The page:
Rochester, NY 14650-1922
Telephone: +1 585-477-5325 Cell: +1 585-781-4036 Fax: +1 585-722-7243
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Website: http://www.kodak.com/go/motion
John P. Pytlak, Senior Technical Specialist
Customer Technical Services
Entertainment Imaging
Research Labs, Building 69, Room 7525A
Eastman Kodak Company
Rochester, NY 14650-1922
Telephone: +1 585-477-5325 Fax: +1 585-722-7243
E-Mail: This e-mail address is being protected from spambots. You need JavaScript enabled to view it
Website: http://www.kodak.com/go/motion
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Re: Scone lighting 07 Oct 2003 09:49 #28419

  • jimor
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Yes, SOME fluorescents can be dimmed using special dimmers specifically designed for the type of fluorescent you will be using. The problem with dimming COMPACT fluorescents is that they have an electronic package (which fails to create the start current under the reduced voltage of a dimmer) rather than the standard ferromagnetic ballest, but even such iron ballests require specially designed dimmers. So, no, you can't just use any dimmer at the store for your fluorescents. It requires MATCHING dimmers fo the type of fluorescent you are using.

Fluorescents do provide much greater economy of power usage (and less heating of the auditorium) even if the initial per-lamp cost is higher. Still, if you like the look of dimming fixtures which brighten during intermissions, you can achieve the same effect by using DUAL CIRCUIT fixtures. You have the dim circuit 'on' during projection using lower wattage lamps, and then you turn 'on' the higher wattage lamps in addition during non-projection times. This arrangement does not require dimmers, yet achieves almost the same effect; having the lower wattage lamps on during projection will diminish any 'light shock' that might be sensed by patrons when the intermission lights turn 'on'. You would use the cuing provisions of your automated projector to trigger the appropriate logic circuits and their relays to turn the lights 'on' and 'off' as needed.
With this arrangement, it is easier to install a "panic" switch in an out-of-reach place near the entrance door that can be used to immediately turn on the house lights to full brilliance if a panic should arise. This is not required under all codes, but should be! There are many tragic accounts of people being trampled during a panic when there was no one in the projection booth watching the screen/auditorium to note a panic and turn 'on' the lights. Such switches usually activated the relay for the main house lights by bypassing the stage/projection controls to directly energize the relays. These relays were often of low voltage types set up so that if there were a general power failure, the battery supply would automatically activate the relays and put current to the lights while automatically disconnecting the mains power to them; something to consider if you are planning a cinema.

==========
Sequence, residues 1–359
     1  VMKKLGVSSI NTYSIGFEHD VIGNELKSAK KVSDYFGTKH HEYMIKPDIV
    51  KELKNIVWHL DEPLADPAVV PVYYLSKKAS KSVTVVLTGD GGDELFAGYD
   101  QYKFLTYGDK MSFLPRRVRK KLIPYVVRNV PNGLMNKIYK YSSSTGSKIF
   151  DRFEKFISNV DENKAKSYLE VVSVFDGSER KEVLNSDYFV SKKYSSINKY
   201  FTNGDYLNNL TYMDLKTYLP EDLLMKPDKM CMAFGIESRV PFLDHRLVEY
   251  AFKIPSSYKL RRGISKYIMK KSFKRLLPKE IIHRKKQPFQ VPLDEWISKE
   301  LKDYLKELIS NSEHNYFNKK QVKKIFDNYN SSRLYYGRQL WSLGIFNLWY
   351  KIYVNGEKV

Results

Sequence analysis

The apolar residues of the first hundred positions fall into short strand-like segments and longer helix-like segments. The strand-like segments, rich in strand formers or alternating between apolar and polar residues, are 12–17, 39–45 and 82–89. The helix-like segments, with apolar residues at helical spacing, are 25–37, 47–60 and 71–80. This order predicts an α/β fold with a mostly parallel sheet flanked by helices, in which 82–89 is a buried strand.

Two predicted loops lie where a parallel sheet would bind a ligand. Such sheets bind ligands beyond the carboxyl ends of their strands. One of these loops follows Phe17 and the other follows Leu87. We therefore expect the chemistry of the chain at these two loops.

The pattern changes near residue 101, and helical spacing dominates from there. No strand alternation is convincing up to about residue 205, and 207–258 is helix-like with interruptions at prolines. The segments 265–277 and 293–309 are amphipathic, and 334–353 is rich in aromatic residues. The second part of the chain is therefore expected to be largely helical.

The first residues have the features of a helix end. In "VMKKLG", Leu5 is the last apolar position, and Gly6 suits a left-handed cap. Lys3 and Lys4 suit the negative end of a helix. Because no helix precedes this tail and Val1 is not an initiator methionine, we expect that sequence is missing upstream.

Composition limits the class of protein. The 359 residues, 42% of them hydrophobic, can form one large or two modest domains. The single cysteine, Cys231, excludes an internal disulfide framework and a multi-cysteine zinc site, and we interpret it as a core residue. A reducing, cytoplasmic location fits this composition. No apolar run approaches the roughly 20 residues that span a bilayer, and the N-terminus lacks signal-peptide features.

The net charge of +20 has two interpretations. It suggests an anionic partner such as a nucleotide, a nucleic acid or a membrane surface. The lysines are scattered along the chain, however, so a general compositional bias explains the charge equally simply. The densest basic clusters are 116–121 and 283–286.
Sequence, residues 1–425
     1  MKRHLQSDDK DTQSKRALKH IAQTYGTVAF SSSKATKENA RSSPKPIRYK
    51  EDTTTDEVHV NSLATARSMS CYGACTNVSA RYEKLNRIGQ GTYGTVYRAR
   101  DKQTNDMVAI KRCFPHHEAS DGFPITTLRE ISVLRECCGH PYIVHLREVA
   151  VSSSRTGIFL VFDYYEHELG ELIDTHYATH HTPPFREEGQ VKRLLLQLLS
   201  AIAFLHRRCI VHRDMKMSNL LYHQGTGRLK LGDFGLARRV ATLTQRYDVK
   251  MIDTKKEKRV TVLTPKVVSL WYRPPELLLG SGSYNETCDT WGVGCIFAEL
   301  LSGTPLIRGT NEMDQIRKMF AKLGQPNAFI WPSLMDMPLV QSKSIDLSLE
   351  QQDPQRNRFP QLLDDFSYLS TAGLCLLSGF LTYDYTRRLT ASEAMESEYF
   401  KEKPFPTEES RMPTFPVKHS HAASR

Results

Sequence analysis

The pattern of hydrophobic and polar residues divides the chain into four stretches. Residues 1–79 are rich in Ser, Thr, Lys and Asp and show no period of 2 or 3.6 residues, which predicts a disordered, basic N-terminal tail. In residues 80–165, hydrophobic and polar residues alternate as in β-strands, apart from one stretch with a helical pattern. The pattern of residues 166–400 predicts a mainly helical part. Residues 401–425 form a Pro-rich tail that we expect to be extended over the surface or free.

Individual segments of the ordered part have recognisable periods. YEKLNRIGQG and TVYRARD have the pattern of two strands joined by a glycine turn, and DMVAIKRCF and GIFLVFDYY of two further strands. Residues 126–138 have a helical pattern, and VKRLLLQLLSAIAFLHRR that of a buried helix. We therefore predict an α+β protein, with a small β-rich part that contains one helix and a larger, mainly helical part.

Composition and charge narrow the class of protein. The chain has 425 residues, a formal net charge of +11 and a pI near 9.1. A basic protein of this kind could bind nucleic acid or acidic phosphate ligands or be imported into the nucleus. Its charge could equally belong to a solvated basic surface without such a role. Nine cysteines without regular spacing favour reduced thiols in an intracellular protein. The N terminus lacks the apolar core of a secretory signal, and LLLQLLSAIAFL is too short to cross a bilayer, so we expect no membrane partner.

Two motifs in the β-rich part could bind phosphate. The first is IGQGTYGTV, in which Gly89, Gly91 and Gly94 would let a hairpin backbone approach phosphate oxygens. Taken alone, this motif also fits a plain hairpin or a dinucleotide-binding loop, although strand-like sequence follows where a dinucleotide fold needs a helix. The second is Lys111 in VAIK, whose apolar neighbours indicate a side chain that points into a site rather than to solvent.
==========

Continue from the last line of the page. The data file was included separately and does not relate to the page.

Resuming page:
The use of a seperate circuit for during-projection times also allows you to consider a tinted light that would be less annoying and would complement your decor colors. Amber, rose? These were commnon choices during the movie palace days and they did set the standard for showmanship. A fixture with such lamps behind suitable colored glass or plastic would eliminate the hassle of getting or finding colored lamps. Dimming is a nice touch, but it does add to costs, whereas dual circuits usually only mean slightly more expensive fixtures and another wire in the conduit. If your locality requires a seperate EMERGENCY lights circuit, you can get TRIPLE CIRCUIT fixtures with provision such a low voltage circuit also, in addition to the main and dim circuits. Some cinemas use their seperate CLEANING lights as the emergency circuit, but you would have to check if that is permissable in your area.
Jim R. (new E-mail: This e-mail address is being protected from spambots. You need JavaScript enabled to view it ) member: www.HistoricTheatres.org
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Re: Scone lighting 15 Oct 2003 20:51 #28420

All lighting in a theatre should be on a variable dimmer to prevent "eye shock" from a rapid change in light level
To date there are dimmable compact flourescents but No automated dimmer will work with them
The only dimmers are still rotar styled dimmers that automation will not talk to nor the firealarm bump to full easily

Also a discharge lamps of this style have a colder solour rendition index and really have no place in any theatre audtitorium